I am also interested in keeping the US as dissimilar to Mexico as possible. I don't want the diseases. I don't want the corruption. I don't want the poverty. I don't want the modest average intelligence. I don't want the political ineptitude. I don't want the economic inequality. I don't want the machismo culture.

    Importing more of all of these things is obviously not the way to reduce their frequency in the US. The logic is actually pretty simple–bring in lots of Mexicans and the US is going to become more like Mexico.

    I understand that your kinship bonds drive you to favor more immigration from Mexico into the US. Race is essentially an extended family with some level of inbreeding present, and thus you feel closer to Mestizos than you probably do to most Americans of entirely European descent. That doesn't mean I have to sacrifice my way of life or the well-being of my children for your benefit. I will do what I can to protect this country from the parasitical migration of the underclass to the extent that it is possible.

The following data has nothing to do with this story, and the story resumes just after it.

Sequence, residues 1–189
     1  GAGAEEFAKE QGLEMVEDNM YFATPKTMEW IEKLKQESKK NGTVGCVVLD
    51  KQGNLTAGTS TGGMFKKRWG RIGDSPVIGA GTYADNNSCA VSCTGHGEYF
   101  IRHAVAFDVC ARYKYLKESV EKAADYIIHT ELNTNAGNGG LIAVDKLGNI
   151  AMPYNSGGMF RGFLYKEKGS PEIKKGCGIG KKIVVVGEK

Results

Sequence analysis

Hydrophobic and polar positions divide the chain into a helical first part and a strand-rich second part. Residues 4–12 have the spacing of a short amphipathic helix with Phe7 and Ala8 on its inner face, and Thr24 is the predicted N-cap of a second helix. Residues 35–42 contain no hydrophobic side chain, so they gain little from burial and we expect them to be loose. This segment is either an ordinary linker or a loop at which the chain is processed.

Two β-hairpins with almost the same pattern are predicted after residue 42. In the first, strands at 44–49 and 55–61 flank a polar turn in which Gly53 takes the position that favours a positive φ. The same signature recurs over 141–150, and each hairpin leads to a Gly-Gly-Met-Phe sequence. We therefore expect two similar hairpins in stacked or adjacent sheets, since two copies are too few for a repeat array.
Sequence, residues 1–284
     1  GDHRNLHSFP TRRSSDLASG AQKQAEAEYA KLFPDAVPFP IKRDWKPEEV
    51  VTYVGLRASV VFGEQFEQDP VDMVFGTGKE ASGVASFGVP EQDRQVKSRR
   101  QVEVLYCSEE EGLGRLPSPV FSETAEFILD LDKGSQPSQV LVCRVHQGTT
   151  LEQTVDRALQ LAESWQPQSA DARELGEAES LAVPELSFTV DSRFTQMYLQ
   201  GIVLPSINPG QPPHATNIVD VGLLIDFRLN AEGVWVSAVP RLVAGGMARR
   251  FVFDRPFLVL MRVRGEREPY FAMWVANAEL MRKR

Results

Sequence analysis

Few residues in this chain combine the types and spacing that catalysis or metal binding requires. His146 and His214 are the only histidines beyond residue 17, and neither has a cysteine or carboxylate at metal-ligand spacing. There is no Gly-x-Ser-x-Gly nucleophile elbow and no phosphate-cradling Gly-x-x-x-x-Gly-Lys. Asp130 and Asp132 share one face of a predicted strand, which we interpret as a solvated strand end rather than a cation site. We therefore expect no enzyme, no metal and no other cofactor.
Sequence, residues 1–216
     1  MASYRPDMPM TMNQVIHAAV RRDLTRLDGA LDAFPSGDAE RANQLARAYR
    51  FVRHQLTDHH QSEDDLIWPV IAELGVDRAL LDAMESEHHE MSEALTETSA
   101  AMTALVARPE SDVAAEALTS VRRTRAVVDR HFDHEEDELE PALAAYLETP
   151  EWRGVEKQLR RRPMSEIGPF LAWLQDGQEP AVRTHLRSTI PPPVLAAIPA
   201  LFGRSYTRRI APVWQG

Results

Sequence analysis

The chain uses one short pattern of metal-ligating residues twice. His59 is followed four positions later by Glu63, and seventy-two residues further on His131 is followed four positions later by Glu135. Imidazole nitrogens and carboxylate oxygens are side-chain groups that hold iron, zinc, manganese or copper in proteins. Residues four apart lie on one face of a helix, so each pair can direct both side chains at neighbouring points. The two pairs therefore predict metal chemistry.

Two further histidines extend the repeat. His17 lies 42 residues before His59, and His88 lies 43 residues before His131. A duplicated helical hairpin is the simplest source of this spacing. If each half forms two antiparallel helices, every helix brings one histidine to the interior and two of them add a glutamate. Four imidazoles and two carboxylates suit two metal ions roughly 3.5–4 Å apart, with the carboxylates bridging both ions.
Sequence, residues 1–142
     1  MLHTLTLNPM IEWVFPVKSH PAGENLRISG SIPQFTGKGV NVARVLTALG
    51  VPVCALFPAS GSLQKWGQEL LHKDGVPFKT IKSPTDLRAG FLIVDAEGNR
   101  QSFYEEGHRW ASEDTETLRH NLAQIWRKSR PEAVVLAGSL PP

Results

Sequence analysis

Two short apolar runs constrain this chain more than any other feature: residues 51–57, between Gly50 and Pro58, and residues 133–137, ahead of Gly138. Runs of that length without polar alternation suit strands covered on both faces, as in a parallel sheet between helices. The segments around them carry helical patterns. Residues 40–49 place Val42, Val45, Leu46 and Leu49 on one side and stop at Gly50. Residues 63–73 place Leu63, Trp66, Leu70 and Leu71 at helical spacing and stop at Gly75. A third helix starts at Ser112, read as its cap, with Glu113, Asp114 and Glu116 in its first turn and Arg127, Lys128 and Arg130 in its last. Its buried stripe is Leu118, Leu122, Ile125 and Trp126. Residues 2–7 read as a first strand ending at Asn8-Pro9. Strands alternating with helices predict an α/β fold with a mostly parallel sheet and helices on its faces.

If this cohort is so desirable though, why steal them from Mexico? How selfish of us, no?

  8. Dee,

    Also, the majority of the public sympathizes with Beck. Although virtually the entire Establishment (big religion, big business, big media, big politics, etc) backs amnesty for various self-serving reasons, overwhelmingly the public favors greater immigration restriction.


    You're right. The puerile name-calling shouldn't intimidate. Ad hominem is not legitimate argumentation, and should be called out thus immediately.


    Al Fin isn't an antagonist here. He is with us on this. He's a scientific mind, and maybe overly optimistic regarding demographics. But he's aware of the damage uneducated, underclass, unfettered immigration into the West causes.

  9. Another suspicion: Mightn't it be that the irrigation operators, ranchers and such who are lobbying for this, are doing so not in SPITE of , but BECAUSE of, the terms of trade having shifted so much in their favor, releasing excess funds?